There are certain car repairs that are practically inevitable. Everyone will experience a flat tire at some point, and you’re bound to have to replace your car’s battery after a certain number of miles. Once enough mechanical problems pile up, you’ll be dealing with a junk car — at which point you may find that selling your junk car for cash is the most sensible thing to do.
When it comes to your vehicle’s electrical system, a faulty alternator is one of the most common issues you’ll likely encounter. When your alternator dies, you won’t be able to start your vehicle or drive it anywhere. As a result, you’ll likely end up calling a tow truck, having your vehicle towed to the nearest shop, and paying someone to replace your alternator so that you can continue on your way.
But how much does it actually cost to fix an alternator? And for that matter, what is an alternator and what does it do? Keep reading to find out.
When you go to start your car, your battery provides some of the initial power necessary to get your engine running. While driving, your battery runs a number of important electrical systems in your vehicle, too. But as you’re driving your vehicle, your battery drains. This is normal, of course — but we all know that a dead battery means a vehicle that won’t start.
Have you ever wondered how your battery is recharged? The answer is simple: with an alternator. Your car’s alternator is a mechanical part that converts mechanical energy from the engine into electricity, which is then used to recharge your car’s battery.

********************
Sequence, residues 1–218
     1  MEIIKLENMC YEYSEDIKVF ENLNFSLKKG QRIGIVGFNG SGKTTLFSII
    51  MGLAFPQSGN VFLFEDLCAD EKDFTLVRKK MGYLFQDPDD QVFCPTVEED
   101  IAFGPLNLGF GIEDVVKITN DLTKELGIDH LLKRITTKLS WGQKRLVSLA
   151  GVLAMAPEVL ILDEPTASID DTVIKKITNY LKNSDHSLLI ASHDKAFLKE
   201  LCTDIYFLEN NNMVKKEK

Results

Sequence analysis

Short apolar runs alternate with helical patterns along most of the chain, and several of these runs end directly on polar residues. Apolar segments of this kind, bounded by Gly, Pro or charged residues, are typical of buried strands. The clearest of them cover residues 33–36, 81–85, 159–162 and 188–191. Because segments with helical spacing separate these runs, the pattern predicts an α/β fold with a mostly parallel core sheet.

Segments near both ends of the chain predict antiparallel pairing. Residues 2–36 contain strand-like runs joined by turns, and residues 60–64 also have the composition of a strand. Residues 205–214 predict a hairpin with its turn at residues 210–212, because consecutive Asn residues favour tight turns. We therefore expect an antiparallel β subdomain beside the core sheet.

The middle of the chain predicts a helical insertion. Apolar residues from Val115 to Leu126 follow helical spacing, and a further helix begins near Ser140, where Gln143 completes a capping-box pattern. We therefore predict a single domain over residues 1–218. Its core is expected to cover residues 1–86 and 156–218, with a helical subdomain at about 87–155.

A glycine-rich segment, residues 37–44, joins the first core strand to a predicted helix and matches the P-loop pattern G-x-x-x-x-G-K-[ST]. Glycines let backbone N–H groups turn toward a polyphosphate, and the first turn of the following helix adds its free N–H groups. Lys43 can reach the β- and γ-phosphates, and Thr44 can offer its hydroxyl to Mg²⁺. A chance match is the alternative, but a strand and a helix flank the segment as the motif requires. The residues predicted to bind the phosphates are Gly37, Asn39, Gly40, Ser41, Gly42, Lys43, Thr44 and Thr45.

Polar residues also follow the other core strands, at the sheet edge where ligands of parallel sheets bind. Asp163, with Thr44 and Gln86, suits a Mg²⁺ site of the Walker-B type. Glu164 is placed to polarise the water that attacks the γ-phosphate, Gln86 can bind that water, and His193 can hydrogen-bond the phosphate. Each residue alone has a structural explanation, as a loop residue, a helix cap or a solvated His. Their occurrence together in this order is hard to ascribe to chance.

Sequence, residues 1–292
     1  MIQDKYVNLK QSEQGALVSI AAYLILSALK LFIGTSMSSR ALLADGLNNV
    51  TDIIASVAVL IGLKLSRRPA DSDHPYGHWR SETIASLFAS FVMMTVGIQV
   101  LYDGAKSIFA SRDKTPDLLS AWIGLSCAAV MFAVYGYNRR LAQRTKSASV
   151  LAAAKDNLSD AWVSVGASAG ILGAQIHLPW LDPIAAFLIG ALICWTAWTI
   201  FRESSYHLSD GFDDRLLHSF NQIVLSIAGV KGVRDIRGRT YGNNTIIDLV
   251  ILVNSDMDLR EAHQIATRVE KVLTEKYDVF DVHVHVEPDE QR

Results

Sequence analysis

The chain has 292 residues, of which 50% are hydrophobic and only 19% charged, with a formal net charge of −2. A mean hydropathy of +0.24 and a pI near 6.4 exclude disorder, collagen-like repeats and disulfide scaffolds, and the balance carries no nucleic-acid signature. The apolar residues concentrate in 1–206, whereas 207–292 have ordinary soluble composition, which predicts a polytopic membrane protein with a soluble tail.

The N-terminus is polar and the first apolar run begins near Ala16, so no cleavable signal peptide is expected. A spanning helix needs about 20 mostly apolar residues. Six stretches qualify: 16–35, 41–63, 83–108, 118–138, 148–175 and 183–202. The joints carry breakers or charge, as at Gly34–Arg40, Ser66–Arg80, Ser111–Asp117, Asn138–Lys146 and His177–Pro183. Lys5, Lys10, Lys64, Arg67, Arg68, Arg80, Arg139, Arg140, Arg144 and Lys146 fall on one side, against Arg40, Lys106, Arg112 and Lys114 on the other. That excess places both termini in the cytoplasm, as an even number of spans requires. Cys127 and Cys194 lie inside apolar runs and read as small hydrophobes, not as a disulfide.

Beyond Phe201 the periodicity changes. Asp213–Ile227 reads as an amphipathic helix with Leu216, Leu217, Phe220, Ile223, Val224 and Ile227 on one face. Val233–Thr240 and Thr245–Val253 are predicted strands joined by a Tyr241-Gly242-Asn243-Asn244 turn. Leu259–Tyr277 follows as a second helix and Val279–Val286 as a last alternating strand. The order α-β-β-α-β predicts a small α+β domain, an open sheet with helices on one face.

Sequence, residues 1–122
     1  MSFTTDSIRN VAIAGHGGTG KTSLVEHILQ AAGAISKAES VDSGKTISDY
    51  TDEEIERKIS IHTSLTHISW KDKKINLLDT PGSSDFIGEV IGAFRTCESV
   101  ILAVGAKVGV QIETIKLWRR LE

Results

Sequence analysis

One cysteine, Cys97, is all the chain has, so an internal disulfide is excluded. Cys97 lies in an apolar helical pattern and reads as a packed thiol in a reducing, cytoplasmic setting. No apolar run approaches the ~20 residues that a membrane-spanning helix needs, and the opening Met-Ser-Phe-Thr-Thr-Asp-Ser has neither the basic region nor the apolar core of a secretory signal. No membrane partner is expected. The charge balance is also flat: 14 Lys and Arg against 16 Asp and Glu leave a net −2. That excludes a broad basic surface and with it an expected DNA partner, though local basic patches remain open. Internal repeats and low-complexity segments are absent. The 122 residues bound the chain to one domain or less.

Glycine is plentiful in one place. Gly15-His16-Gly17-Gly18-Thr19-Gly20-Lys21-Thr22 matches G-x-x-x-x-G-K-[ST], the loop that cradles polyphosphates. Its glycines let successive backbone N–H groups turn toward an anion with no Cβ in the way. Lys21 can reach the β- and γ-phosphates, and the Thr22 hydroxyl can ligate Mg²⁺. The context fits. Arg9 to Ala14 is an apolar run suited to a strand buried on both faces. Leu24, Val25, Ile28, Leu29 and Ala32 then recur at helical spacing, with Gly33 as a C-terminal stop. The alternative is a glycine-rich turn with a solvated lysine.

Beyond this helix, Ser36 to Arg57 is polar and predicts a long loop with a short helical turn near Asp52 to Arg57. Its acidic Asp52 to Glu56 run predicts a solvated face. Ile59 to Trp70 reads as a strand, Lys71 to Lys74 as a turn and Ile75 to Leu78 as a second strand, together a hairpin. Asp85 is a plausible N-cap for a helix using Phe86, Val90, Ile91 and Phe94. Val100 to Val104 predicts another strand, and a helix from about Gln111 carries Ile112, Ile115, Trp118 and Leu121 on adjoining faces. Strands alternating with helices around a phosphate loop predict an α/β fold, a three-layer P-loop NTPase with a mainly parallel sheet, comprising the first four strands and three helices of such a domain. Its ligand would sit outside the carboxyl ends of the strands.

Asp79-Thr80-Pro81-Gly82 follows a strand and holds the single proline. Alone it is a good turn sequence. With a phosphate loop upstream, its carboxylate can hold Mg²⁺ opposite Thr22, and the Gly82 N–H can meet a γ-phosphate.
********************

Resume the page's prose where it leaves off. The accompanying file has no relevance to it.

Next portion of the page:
Some car parts wear out gradually over time, and you can tell that they’ll need to be replaced soon. Brakes are a good example of this: performance steadily decreases until the point where you realize you need new brakes.
Alternators are different, though. Your alternator may suddenly die without any warning. If your car refuses to start, it may be that your alternator is dead. But your alternator may also cause issues if it dies while you’re driving. You could experience dimming headlights and dash lights, as a failing alternator won’t be able to successfully regulate voltage throughout your vehicle. You may even notice that you smell burning plastic, which can indicate that your alternator internal wiring has been burned. In any case, the end result is the same: your car won’t start, and you’ll need a new alternator.
What’s the Cost of Replacing an Alternator?
As with many car repairs, the cost of fixing your alternator is dependent on a number of factors.
Certain makes and models of vehicles tend to have more expensive parts, which can drive up the price of your alternator. Additionally, you’ll find that a brand new alternator is more expensive than a refurbished one. If your vehicle is older and you’re not planning to keep it indefinitely, a refurbished alternator with a warranty of one to two years can be an affordable alternative to a brand new alternator. Depending on these factors and the cost of labor, you could be looking at a total cost for repairs of $250 – $700 or more.